Nursing school is over, you passed the NCLEX-RN exam and received your state nursing license, and now it is time to find a job. Finding the ideal nursing job can be difficult, but being prepared to answer interview questions and providing strong references can make you the preferred candidate.
First-Time Nursing Job References
When applying for your first nursing position, you will need to use your professors, clinical instructors or prior or current boss for your references. If you are currently working as a nurse’s aide or volunteering, your supervisor will be able to speak about your commitment, attendance, and work ethic. You professors and clinical instructors can provide a different view, focusing on your learning abilities, teamwork, and commitment. Be sure to ask your potential references first if they are willing to speak or write on your behalf. If they hesitate, ask someone else. You want strong references in a timely manner. Be sure to ask your references for the best way for potential employers to contact them, as this will allow for a quicker review period and increase your chances of being chosen for a desired position.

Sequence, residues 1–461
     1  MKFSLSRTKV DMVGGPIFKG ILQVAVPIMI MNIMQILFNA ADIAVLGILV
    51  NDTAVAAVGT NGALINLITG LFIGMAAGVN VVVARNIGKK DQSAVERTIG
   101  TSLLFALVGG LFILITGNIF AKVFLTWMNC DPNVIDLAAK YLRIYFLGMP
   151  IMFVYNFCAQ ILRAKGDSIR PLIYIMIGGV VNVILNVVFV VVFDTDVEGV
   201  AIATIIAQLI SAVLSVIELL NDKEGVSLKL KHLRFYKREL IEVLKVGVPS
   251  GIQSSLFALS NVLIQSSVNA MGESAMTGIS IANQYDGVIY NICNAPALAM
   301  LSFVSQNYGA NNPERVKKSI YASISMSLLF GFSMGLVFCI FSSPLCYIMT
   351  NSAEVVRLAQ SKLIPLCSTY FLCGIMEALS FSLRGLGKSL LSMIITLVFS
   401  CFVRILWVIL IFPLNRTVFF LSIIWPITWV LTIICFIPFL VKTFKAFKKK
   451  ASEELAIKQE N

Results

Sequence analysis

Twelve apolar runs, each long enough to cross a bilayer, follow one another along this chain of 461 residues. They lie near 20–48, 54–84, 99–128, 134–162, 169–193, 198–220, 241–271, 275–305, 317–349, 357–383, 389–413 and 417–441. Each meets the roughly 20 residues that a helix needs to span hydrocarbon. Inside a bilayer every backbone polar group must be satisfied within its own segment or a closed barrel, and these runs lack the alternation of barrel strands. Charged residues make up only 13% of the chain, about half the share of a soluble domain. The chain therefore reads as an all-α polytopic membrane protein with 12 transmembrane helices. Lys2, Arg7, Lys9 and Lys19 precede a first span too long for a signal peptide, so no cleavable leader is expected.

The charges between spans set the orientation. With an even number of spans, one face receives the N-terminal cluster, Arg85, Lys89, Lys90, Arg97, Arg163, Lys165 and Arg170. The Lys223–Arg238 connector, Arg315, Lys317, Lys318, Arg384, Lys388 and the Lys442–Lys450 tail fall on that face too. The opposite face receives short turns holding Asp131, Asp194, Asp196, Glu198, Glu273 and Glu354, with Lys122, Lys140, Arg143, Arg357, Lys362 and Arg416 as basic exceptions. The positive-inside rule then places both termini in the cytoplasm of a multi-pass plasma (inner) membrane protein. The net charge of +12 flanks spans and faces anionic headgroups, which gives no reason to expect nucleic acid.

References for Future Positions
Once you have been working as a nurse, your future references should include a manager, educator, or clinical nurse specialist who worked directly with you within the past few years. Employers want current information from someone in a supervisory or educational role. Do not use a fellow nurse who is at the same level as you are, as they will not be able to provide the required information. They need to be able to speak about your assets, attendance, teamwork, and areas where you sill need more development.
Again, be sure the person is aware that they will be receiving a request for a reference. I provide many references as the clinical nurse specialist of my current unit both for graduate school and new positions. I always ask the nurse to provide me with their resume and a list of accomplishments and committee participation. I prefer to make a reference very individualized, as it speaks to my knowledge of nurse’s abilities and potential assets. The more information the nurse provides me with, the better the reference will be. Remember to speak up so that you receive the recognition you deserve and increase your chance of landing your next job.